W3C home > Mailing lists > Public > public-webid@w3.org > October 2017

FIDO vs. OAuth2

From: Timothy Holborn <timothy.holborn@gmail.com>
Date: Sat, 21 Oct 2017 16:05:15 +0000
Message-ID: <CAM1Sok3izJsMt62di6JX=i1B1cHpyvBqYYKVQ-zP=YoFGU4U3g@mail.gmail.com>
To: "public-webid@w3.org" <public-webid@w3.org>
2.3 Comparison to OAuth and OAuth2

*"The OAuth and OAuth2 of protocols were designed for a server-to-server
security model with the assumption that each application instance can be
issued, and keep, an "application secret". This approach is ill-suited to
the "app store" security model. Although it is common for services to
provision an OAuth-style application secret into their apps in an attempt
to allow only authorized/official apps to connect, any such "secret" is in
fact shared among everyone with access to the app store and can be
trivially recovered thorough basic reverse engineering.*

*In contrast, FIDO's facet concept is designed for the "app store" model
from the start. It relies on client-side platform isolation features to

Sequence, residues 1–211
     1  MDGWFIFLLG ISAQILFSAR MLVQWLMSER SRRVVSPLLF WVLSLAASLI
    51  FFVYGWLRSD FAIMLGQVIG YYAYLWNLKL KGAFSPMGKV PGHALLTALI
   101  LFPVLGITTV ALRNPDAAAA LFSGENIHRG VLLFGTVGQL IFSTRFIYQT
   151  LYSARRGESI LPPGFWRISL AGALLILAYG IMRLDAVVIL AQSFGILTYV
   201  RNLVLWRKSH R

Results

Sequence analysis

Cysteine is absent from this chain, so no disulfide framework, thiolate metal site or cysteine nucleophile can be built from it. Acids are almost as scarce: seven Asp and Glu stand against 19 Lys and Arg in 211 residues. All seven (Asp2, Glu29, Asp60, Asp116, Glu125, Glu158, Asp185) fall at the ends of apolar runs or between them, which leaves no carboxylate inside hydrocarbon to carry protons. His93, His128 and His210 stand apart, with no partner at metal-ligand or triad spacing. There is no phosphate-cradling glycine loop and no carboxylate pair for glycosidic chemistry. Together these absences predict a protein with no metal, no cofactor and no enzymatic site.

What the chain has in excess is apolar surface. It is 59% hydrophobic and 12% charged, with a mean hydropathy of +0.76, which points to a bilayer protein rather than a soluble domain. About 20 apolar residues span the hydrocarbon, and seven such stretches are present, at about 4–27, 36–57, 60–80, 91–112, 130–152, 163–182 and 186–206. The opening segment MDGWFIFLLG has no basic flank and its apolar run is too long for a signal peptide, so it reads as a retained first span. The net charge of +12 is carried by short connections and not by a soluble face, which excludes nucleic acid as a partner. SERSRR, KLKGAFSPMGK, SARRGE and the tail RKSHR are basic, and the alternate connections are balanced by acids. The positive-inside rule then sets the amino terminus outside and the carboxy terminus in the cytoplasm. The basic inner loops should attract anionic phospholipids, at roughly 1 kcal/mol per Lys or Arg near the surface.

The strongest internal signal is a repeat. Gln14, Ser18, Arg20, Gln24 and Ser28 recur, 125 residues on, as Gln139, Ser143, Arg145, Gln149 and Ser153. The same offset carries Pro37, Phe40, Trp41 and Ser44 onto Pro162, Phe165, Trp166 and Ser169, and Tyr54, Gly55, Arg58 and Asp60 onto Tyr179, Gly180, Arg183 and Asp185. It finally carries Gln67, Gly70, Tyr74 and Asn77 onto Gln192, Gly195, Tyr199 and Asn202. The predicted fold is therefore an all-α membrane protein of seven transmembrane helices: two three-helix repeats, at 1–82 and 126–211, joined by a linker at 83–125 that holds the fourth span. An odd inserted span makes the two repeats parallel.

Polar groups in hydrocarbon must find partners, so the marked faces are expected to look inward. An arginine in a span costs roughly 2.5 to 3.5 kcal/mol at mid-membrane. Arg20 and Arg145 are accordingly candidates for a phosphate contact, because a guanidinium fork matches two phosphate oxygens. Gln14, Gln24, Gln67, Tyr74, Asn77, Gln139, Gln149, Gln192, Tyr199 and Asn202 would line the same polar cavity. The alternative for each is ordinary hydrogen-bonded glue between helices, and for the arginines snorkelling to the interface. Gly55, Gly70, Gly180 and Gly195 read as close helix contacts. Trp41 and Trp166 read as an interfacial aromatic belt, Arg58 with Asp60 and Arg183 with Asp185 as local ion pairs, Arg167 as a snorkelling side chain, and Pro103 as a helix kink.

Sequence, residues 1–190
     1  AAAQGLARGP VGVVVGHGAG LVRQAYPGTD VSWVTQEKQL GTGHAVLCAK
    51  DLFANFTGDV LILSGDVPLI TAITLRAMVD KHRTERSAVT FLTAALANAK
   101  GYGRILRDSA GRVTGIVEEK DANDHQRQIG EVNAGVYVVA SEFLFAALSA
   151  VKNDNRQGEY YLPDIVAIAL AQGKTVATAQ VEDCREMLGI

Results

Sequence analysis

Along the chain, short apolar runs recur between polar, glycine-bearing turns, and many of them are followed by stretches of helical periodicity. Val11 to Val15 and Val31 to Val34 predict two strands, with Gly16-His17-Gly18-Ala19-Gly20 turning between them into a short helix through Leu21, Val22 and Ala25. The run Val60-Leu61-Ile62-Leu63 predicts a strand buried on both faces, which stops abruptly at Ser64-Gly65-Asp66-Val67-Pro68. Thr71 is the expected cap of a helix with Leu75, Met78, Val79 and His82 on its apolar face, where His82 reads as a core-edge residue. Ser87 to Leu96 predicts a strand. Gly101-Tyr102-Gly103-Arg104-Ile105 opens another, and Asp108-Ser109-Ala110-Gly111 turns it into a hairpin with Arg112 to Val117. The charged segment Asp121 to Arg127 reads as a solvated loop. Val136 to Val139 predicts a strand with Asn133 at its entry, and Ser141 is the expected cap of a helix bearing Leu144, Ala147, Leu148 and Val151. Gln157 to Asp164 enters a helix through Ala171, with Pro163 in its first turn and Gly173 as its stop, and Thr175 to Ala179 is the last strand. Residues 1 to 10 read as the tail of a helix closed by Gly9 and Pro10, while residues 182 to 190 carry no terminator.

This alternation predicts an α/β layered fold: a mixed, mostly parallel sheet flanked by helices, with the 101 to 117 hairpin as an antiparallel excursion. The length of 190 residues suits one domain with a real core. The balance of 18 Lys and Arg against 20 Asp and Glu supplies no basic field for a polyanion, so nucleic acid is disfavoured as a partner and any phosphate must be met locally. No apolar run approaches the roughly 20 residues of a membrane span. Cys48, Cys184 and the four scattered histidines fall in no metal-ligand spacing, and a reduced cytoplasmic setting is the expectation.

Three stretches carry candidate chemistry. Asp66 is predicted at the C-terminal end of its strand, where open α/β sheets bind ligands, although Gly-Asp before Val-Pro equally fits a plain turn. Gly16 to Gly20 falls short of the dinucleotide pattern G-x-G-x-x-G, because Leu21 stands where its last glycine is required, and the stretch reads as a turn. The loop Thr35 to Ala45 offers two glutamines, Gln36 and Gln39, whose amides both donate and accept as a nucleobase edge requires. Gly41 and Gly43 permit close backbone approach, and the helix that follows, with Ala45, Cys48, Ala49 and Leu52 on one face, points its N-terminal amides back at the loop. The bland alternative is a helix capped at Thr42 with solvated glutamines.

make sure that a key registered by a user with a member of a well-behaved
"trusted club" stays within that trusted club, even if the user later
installs a malicious app, and does not require any secrets hard-coded into
a shared package to do so. The user must, however, still make good
decisions about which apps and browsers they are willing to preform a
registration ceremony with. App store policing can assist here by removing
applications which solicit users to register FIDO keys to for Relying
Parties in order to make illegitmate or fraudulent use of them."*
source / specs:
https://fidoalliance.org/specs/fido-uaf-v1.1-rd-20161005/fido-appid-and-facets-v1.1-rd-20161005.html

I enjoyed the language ;)
Tim.H.
Received on Saturday, 21 October 2017 16:05:57 UTC

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